May 4, 2011
By ASHLEY JACKSON - Bulletin Staff Writer
Students in Martinsville Schools are getting fired up about learning, especially with the NASA SEMAA (Science, Engineering, Mathematics, Aerospace Academy) program.
On Tuesday, national SEMAA officials visited the city schools to check on the progress of the program, which was established at Martinsville Middle School in 2002. It serves students in the city’s two elementary schools as well as the middle school, and efforts are under way to expand its reach.
The site is one of 14 in the United States and the only one in Virginia. NASA SEMAA officials visit once or twice a year.
“We visit the sites to get an idea of how the project is being carried out and to interact with the students and site directors,” said Clarence Jones, NASA SEMAA project coordinator.
"We have a checklist of project management standards and criteria that we look for, and we make certain that the site is maintaining those standards,” he said.
Some of those standards are that each site administers to a minimal number of students each year and that each has adequate equipment.
This school year, Martinsville City Schools received $125,000 from NASA for SEMAA activities, an increase over past years. Anne Stultz, the school system’s SEMAA site director, said the money was used to reach out to Girl Scouts and to fund more field trips, materials and supplies to enhance lessons.
School officials have incorporated robotics, a SEMAA program, into high school classrooms, and there are plans to expand the presence of SEMAA programs in the high school.
NASA SEMAA Project Manager Darlene Walker said more money could be granted to the program next year depending on the direction it takes.
The purpose of the program is to get youth interested in math and science and to inspire them to pursue careers or studies in science, technology, engineering or math — the STEM fields.
NASA conducts surveys at the end of each quarter. A recent survey found that 84 percent of the students in SEMAA programs want to pursue a STEM career or studies.
“SEMAA challenges the students, and it’s all hands-on learning,” said Joy Johnston, a seventh-grade teacher at Martinsville Middle School. “It makes learning fun, and it shows them how math is used in everyday life.”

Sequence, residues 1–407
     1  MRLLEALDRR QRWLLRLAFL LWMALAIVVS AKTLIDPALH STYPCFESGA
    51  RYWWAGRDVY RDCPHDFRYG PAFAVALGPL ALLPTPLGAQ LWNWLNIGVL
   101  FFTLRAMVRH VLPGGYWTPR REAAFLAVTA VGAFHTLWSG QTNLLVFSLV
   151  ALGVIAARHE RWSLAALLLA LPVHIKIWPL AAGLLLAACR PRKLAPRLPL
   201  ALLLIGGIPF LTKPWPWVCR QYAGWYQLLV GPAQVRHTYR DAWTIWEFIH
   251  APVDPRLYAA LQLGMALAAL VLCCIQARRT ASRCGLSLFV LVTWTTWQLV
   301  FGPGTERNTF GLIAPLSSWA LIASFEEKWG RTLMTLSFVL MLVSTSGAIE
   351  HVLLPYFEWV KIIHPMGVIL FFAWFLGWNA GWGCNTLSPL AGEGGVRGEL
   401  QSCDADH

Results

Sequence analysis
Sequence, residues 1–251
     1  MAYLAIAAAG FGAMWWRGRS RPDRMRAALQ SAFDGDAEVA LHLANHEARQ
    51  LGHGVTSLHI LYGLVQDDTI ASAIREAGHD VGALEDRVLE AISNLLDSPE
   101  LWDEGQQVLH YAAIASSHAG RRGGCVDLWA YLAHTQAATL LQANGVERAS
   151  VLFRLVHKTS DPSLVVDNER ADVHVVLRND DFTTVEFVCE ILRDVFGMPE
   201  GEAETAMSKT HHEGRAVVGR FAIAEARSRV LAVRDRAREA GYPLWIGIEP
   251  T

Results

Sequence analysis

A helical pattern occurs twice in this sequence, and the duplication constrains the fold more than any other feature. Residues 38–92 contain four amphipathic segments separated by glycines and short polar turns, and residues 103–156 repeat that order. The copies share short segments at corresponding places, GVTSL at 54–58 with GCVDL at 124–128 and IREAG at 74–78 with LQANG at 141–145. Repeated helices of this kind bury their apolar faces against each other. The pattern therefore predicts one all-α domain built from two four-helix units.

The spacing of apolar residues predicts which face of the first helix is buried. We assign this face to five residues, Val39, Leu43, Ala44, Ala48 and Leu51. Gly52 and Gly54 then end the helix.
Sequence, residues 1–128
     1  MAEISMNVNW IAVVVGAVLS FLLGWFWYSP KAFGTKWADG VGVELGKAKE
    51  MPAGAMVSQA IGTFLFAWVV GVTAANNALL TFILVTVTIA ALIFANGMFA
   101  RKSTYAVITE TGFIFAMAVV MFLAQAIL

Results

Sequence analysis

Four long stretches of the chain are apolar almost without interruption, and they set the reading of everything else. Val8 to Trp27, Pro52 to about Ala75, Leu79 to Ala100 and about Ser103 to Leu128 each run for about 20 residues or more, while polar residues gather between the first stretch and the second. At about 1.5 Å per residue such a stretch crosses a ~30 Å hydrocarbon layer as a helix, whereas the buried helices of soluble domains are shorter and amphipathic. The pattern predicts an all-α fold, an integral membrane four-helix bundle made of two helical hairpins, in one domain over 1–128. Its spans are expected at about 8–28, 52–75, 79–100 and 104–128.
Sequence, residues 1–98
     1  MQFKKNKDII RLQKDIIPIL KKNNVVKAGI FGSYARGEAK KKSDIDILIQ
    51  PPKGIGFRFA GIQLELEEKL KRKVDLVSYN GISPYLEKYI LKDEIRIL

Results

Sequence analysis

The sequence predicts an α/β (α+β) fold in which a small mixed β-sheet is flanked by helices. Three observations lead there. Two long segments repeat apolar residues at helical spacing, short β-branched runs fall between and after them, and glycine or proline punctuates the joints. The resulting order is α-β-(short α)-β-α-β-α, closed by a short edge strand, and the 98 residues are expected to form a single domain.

“It involves a lot of design, engineering, problem solving and a lot of thinking outside of the box,” she said.
The lesson for her seventh-graders on Tuesday was called “Heavy Lifting.” The students made balloon-powered rockets to launch paper clips to the ceiling.
Other programs focus on space and the stars.
“We learn new stuff like the moon and the planets, and we get to do fun experiments,” said Jovana Hernandez, a fourth-grader at Albert Harris Elementary School. “We get to see how much we weigh on the moon by dividing it by six.” A person’s weight on the moon is about one-sixth of her weight on Earth because of the difference in gravity, students learned.
The program also provides several field trips. Stultz said that she takes a group of students on a trip every 12 weeks. They recently went to NASA’s Langley Research Center in Hampton. They also have traveled to a planetarium in Chapel Hill, N.C.
“We teach aerospace stuff here, but then the students are able to connect that to real life stuff, and that’s what we wanted,” Stultz said. “At Langley, they saw liquid nitrogen and the wings made out of honeycomb ... they are exposed to so much more, things they don’t get to see locally.”
The SEMAA site brings in students from outside the school system as well. It recently hosted a group of Girl Scouts from surrounding counties to get girls interested in science. The visit also earned the girls their aviation badges.
“Our students are fortunate to have this site. It gives them more of the outside world,” said Stultz.
“Martinsville’s SEMAA site is one of our prized locations. There’s a lot of great things going on at Martinsville SEMAA,” said Jones.
Later Tuesday, students who have completed a certain number of credits through the SEMAA program were honored during an event at Martinsville High School. Dena Fatade was there because she has two sons in SEMAA programs, fourth-grader Sola and seventh-grader Sayo.
“I like the fact that it’s enhancing the SOLs they’re learning for math and science,” Fatade said. “They get exposed to things they wouldn’t normally be exposed to.”
Sola said he likes doing experiments, while Sayo said his experiences using the SEMAA lab at the middle school and going on a flight simulator helped inspire him to become a pilot one day.
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